The commission said that “employees cannot be acted against solely due to the presence of cannabis in their body, but employers have the right to drug test on reasonable suspicion of impairment.”

Jeff Brown, the executive director of the New Jersey Cannabis Regulatory Commission, said in the announcement that it was important to show that striking “a balance between workplace safety and work performance and adult employees’ right to privacy and to consume cannabis during their off hours is possible.”

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Rutgers Law School Adds Cannabis Law, Business Certificate for 2023

Registration has already opened for the Cannabis Law and Business certificate of study, which will officially commence in January 2023. Those accepted will spend six months learning the ins and outs of the New Jersey weed sector, with an emphasis on the stringent and often complicated regulations which prospective business owners need to be familiar with.

“This is the first program that Rutgers Law School has developed to support participants who are not [law] students or legal professionals,” a press release from the university said. “The curriculum has been developed specifically for New Jersey’s legal cannabis industry, making it highly specific to the needs of the local community.”

The program will be mostly online with two in-person sessions and has two certificate options for cultivators and retailers respectively. The entire course can be taken for $2,695 or individual topics of study can be purchased for between $600-$850. A limited number of scholarships may also be available to anyone applying for a cannabis-related social equity business license in New Jersey.

Rutgers Co-Deans Kimberly Mutcherson and Rose Cuison-Villazor said in a joint statement that “This new certificate is exactly the kind of work that we want to be doing as New Jersey’s state law school. Now that the state legislature has legalized the cannabis industry here, we want to ensure that we can provide crucial information to the citizens of New Jersey who want to enter this business, especially those from communities that traditionally bore the brunt of punitive outcomes before legalization.”

The six available class modules are as follows:

  1. Fundamentals of cannabis regulation in New Jersey – The history of legal marijuana in New Jersey with an emphasis on the CREAMM Act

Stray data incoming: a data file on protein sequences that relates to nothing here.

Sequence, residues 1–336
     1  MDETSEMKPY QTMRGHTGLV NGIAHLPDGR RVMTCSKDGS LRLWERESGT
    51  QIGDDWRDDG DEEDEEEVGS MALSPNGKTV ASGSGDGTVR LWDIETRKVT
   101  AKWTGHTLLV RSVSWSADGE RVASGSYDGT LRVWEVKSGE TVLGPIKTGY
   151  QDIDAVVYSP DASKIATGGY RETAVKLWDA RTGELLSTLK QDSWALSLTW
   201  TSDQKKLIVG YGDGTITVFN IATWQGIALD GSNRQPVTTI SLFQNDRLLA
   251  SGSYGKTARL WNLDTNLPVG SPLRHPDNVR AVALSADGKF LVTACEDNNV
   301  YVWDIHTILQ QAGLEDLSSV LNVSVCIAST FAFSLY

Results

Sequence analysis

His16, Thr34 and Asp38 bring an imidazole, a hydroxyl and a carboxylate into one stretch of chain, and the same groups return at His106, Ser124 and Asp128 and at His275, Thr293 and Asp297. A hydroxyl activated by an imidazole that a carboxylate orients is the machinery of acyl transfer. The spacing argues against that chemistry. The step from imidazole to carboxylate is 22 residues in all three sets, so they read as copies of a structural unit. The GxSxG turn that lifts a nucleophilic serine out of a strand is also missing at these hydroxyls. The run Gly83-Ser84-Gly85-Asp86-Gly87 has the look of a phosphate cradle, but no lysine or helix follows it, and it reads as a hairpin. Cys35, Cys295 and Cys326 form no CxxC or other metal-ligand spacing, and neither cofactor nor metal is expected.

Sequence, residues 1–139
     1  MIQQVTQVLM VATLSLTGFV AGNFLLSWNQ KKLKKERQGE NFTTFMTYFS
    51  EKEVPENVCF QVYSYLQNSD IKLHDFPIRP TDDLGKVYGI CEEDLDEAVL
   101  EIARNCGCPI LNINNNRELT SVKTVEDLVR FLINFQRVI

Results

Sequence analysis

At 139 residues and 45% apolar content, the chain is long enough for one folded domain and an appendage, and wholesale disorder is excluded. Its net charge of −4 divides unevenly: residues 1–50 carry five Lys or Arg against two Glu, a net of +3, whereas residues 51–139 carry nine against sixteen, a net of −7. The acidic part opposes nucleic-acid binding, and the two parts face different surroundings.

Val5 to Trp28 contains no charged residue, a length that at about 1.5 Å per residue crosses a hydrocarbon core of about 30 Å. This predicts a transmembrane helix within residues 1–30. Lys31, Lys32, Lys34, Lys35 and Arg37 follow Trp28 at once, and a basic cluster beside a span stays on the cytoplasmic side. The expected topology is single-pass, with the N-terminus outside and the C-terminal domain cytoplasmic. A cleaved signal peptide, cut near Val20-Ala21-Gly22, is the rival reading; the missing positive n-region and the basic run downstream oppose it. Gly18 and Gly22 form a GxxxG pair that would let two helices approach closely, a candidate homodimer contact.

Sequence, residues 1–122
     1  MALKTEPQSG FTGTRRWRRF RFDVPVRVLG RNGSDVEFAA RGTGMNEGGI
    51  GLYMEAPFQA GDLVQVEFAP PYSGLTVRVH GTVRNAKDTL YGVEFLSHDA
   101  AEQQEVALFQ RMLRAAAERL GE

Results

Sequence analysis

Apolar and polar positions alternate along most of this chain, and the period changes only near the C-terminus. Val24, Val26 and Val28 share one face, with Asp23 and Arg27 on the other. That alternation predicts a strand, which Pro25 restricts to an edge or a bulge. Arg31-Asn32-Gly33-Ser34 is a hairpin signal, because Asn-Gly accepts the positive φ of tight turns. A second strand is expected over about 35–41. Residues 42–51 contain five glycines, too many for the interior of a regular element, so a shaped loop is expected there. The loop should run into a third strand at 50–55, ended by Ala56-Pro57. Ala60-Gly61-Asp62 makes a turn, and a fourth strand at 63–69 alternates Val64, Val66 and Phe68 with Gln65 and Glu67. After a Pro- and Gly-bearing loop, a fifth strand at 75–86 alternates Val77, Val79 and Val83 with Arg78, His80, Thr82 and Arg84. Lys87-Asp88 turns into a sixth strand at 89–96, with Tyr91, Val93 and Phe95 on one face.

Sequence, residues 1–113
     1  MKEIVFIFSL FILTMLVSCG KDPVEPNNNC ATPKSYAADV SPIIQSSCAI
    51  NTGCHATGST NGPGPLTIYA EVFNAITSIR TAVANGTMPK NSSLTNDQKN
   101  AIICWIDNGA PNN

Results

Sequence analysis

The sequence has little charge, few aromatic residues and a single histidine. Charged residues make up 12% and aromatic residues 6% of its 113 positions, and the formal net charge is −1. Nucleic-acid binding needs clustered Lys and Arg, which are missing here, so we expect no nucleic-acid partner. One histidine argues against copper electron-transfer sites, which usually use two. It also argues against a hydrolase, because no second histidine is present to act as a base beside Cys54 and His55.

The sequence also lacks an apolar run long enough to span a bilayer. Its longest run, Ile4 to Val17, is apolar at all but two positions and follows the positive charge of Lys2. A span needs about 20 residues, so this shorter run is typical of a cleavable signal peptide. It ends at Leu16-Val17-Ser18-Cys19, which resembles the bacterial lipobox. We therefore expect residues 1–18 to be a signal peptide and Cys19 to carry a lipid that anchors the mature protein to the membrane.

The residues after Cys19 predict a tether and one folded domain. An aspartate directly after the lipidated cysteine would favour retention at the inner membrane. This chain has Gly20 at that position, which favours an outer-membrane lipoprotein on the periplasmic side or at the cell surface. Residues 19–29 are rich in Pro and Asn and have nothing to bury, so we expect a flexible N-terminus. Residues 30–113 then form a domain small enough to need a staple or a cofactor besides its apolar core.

2. Regulatory compliance – Protecting your license by running a compliant cannabis business
  3. Cannabis business operations – Banking, branding, licensing, and more
  4. Locations and local government – A big challenge in New Jersey specifically where 70% of local municipalities initially opted out of allowing recreational marijuana
  5. Retail or Cultivation – Students choose one or the other depending on what kind of business they want to open
  6. Capstone project – A final project such as a business plan or an investor pitch with feedback from expert faculty

The announcement from Rutgers comes on the heels of New Jersey’s recreational cannabis market opening its doors in April, amid heavy speculation and concern surrounding the availability of product. However, other than some long lines, no one has reported running out of cannabis yet. That said, many in New Jersey have said that between licensing holdups, high property costs, and stringent zoning laws, New Jersey is not an easy place to open a cannabis business to say the least.

Rutgers is the latest in a relatively small number of universities that have elected to add cannabis studies of some kind to their class offerings. Though most cannabis-related college programs are either certificate-based or minor degrees; Cal Poly Humboldt, CSU Pueblo, and Lake Superior State University remain some of the few to create 4-year BA programs with the word cannabis in the title.

Not to be an ass or anything, but I feel obligated to disclose here that cannabis is still entirely prohibited from Rutgers University property due to its continued federal illegality, despite being legal for adult-use in New Jersey. To register for the program, click here.